Biographies We Need: The Tireless Work Ethic of Joan Rivers

Joan Rivers and Shelley Winters in The Tonight Show Starring Johnny Carson © Carson Productions

In our Biographies We Need series, Signature writers look at the lives of some extraordinary individuals and ask the nagging question: Where's their definitive biography? 

The day before Joan Rivers stopped breathing during surgery on her vocal chords, she was doing what she’d done for most of her eighty-one years: working. "I could go at any moment -- I could fall over right here!" she told the crowd at the New York theater where she was performing standup comedy. It probably would have been the performer’s ideal death. Instead, she died a week later, after remaining unconscious, though in full hair and makeup, in a flower-bedecked hospital suite where the soundtrack to Oklahoma! played on repeat. The fact that her daughter, Melissa, made the decision to pull the plug is a detail Rivers would have loved turning into the sort of shockingly mordant punchline that only the comedian, who mined her tumultuous relationship with Melissa into fodder for material, could get away with.

Rivers took her work extremely seriously, but never herself. Those who worked with her described her as the consummate professional, a tireless workhorse who was always happy just to have a job. In the 2010 documentary, "Joan Rivers: A Piece of Work," Rivers is shown in her massive penthouse apartment, despairing over an empty appointment book.  She’d far prefer to be on a late-night flight to a casino in the middle of the country to do her routine to a less-than-appreciative crowd than laze about on her divan. "It’s not about the money," she said in a recent interview. "I love the work."

Born in Brooklyn to Russian immigrants, Rivers attended Barnard and hoped to be a serious actress, but soon turned to comic performances and stand up. From the start, she mocked her own looks and her perceived unattractiveness to men. She instinctively knew that audiences would stay on her side as long as she made herself the butt of every joke, and, hard as she was on celebrities, she was always hardest on herself. Appearances on The Tonight Show launched her career, and she worked steadily in TV specials, talk shows, and awards shows until the end of her life.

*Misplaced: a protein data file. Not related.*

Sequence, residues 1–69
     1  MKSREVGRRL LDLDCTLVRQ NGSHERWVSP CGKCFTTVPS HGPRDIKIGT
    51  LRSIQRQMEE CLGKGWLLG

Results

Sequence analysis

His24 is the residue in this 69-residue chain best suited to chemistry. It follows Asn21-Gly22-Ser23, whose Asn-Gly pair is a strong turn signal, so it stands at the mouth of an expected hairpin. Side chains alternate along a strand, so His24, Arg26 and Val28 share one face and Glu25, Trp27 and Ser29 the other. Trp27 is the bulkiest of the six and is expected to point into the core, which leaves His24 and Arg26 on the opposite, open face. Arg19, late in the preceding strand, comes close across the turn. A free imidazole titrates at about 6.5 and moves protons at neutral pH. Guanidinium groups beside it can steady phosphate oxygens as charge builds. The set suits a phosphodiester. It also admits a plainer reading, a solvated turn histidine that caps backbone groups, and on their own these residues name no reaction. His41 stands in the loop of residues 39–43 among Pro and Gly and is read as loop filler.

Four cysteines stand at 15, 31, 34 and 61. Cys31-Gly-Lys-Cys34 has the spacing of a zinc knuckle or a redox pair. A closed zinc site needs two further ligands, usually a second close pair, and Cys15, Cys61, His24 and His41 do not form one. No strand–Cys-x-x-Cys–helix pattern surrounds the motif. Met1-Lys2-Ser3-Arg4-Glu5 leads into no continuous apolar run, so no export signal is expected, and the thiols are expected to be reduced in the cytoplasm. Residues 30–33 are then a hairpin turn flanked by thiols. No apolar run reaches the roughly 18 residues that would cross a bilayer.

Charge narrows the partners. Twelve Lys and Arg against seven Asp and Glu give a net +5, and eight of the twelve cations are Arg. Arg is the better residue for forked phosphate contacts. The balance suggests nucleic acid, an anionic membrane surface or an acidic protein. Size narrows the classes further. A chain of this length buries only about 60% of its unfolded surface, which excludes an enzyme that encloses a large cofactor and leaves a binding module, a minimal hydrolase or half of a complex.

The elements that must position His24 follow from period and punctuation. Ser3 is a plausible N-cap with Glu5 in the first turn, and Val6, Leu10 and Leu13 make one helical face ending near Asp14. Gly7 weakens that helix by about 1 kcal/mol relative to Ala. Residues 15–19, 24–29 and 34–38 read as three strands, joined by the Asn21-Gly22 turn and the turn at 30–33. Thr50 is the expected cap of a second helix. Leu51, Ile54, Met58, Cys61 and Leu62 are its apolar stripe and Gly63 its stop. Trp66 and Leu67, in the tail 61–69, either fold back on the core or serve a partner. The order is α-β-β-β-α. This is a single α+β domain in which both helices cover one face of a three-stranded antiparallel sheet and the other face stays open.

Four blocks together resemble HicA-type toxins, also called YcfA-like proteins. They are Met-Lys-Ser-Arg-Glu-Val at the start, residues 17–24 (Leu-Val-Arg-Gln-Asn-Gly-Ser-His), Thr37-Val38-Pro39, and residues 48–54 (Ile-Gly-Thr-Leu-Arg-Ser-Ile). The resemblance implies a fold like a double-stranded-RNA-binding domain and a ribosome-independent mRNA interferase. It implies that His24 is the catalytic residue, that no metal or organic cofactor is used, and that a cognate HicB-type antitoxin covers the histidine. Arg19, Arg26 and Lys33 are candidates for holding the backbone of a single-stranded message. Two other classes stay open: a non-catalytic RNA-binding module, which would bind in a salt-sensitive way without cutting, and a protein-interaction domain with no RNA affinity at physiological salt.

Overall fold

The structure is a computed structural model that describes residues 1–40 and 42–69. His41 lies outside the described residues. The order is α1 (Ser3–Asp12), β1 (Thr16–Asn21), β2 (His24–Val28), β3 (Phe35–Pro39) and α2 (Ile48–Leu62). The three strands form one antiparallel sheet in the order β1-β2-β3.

Rivers was brash, brassy, and unapologetic, but often downplayed how influential she was to comedy. When the comic began doing standup, female comedians were a novelty and subjects such as abortion or extramarital sex were taboo, while male comedians were praised for working blue. Rivers pushed boundaries throughout her career, often serving as a weathervane for the prevailing sexism of the decades. She was the first (and remains the only) woman to host her own late-night show on a major network and the first female comic to perform at Carnegie Hall. Over the course of her career, she saw many male comics’ stars rise and fall, while she kept on doing her act, a combination of self-mockery, celebrity-baiting, and calculated button-pushing.

Rivers wrote her first memoir, Enter Talking, in 1986, and refined the practice in several more volumes combining anecdotes, one-liners, and advice. Her most recent effort, Diary of a Mad Diva, was released earlier this year. But now, with her death, it seems appropriate to tell the full story of the self-described "simple girl with a dream." Despite her utter candor and lack of pretense, there was a sense of discretion to Rivers -- underneath the loudmouth, a private, even shy woman. A sensitive biographer who could probe beneath the shock-tactics and the shtick might show us a side of Joan Rivers we’ve never seen -- and tell readers something about what we found funny, and why, during the run of her extraordinary career.